The important political point here is that while liberalism must be as much the target of Leftist criticism as the Right, it cannot be targeted with exactly the same tactics.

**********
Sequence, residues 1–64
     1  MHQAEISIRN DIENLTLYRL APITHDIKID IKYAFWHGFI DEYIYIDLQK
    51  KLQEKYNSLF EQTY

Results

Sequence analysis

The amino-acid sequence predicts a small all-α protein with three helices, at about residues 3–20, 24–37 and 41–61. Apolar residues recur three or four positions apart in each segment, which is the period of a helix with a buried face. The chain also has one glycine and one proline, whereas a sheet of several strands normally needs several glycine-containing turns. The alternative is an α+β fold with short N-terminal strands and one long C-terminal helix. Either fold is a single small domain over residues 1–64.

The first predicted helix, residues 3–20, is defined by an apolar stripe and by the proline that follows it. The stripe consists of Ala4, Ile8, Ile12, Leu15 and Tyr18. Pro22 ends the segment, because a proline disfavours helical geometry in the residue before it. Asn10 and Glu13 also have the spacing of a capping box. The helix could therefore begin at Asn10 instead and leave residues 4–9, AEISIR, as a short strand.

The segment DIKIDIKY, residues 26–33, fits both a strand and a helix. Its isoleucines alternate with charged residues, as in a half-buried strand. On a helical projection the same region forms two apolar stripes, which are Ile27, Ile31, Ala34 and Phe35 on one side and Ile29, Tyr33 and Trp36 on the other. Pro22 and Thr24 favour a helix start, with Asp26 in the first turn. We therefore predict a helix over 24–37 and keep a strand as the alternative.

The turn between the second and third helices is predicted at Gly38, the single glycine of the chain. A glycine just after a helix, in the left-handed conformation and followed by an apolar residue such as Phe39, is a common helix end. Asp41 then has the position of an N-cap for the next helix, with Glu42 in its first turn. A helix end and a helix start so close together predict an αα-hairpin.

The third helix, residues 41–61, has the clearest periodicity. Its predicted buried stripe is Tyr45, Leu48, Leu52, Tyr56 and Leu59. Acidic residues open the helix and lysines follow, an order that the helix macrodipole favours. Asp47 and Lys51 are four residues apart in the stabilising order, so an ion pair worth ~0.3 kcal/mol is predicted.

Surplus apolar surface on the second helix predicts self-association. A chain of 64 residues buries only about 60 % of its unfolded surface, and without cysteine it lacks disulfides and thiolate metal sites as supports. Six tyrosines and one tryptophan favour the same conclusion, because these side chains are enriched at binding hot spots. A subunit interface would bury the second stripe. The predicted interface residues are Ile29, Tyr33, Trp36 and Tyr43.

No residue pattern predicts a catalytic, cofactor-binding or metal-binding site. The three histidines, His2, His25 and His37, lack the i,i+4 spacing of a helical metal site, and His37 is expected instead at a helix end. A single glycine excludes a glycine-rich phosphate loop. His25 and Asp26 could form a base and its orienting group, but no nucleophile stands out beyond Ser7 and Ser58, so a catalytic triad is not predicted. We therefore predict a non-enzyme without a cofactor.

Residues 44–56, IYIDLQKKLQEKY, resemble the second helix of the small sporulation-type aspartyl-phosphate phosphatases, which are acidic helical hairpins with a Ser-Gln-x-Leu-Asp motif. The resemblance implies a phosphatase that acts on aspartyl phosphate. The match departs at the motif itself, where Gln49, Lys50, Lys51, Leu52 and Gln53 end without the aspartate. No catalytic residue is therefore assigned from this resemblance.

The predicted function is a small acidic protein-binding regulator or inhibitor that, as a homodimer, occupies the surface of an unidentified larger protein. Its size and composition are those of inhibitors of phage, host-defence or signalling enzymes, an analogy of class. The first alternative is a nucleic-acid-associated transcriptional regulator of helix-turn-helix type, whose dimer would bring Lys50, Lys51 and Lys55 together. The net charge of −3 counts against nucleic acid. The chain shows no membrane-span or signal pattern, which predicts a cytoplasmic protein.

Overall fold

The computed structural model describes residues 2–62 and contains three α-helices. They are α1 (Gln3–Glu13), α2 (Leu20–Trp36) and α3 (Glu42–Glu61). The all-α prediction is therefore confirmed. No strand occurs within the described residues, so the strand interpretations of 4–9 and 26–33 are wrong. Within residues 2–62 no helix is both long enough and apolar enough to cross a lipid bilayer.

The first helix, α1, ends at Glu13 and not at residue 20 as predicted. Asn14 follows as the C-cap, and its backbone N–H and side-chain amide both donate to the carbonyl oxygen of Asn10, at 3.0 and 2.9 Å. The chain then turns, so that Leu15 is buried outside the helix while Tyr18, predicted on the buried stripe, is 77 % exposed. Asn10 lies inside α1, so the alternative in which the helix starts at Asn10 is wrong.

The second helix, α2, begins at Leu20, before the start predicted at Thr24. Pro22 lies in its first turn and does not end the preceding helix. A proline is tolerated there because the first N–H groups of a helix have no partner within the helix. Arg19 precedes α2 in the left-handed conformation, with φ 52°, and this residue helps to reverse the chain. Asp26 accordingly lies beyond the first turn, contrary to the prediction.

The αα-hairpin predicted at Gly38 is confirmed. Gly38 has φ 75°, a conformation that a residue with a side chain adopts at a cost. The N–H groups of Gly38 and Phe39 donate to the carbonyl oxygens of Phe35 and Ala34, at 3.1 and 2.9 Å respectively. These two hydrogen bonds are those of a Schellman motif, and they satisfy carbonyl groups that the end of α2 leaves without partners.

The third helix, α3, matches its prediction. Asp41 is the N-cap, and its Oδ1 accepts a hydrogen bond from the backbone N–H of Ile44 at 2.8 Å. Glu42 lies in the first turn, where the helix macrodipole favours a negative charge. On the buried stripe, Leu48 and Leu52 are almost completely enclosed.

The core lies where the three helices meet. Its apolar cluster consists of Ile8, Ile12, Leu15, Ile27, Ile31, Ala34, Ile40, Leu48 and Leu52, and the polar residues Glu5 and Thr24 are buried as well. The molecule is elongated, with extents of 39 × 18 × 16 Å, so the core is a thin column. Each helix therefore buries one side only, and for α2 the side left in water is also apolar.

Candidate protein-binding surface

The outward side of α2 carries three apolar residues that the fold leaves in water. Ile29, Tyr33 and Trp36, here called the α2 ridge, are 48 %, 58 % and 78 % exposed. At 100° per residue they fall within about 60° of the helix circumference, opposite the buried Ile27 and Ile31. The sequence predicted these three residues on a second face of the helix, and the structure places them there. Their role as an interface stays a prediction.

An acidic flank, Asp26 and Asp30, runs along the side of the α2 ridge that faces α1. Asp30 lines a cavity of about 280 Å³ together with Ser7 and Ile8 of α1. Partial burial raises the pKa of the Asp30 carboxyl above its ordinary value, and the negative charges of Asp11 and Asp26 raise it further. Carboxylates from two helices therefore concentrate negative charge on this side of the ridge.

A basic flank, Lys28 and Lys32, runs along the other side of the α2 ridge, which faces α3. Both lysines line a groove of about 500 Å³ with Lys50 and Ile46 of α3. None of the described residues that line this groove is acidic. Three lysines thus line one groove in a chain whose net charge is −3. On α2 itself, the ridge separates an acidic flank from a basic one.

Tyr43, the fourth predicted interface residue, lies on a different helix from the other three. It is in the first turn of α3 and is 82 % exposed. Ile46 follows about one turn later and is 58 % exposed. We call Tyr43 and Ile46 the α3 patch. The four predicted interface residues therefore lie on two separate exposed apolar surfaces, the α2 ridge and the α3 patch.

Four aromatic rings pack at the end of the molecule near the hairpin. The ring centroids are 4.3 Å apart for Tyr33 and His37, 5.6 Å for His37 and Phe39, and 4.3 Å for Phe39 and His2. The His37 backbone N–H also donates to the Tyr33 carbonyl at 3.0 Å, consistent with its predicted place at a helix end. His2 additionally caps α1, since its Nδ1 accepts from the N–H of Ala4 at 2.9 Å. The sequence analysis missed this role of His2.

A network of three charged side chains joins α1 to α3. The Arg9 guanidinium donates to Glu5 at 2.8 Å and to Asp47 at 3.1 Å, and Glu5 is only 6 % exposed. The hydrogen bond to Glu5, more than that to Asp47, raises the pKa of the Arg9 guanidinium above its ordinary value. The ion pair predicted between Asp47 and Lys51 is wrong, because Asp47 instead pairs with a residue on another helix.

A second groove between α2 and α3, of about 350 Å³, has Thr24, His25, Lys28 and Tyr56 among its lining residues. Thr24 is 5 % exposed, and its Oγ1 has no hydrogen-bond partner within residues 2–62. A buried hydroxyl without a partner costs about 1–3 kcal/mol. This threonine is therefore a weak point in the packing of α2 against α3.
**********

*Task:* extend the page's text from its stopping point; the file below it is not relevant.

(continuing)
Political comedians like John Oliver are suddenly getting a lot of flak. Writing for Russia Today last month, Michael McCaffrey calls Oliver “a charlatan who appears to be a rebellious liberal comedian speaking truth to power” but who is really “a shameless shill for the ruling class in the US.” Seemingly radical tirades of mockery can indeed be yet another brand of conformism, espousing the very liberal values that are to blame for the current political crisis but presenting them as the solution to the problem. Weeks earlier on the BBC, Slavoj Žižek also targeted Oliver, claiming that the ‘half-joking’ attitude of such presenters who patronizingly mock the ordinary people shows “the ultimate failure of the left.” Both are necessary points, while at the same time each – along with thousands of Facebook pages over the last few months –turn to humorously target the ordinary liberal (embodied by Oliver and his viewers) in place of the elitist autocrat, structurally mimicking the humour that liberals use to take power back from the Right. Though the target of the laughter has changed, satisfying those bored of ridiculing the Right and seeking a new target in the equally complicit liberal, the effect is much the same. The important political point here is that while liberalism must be as much the target of Leftist criticism as the Right, it cannot be targeted with exactly the same tactics.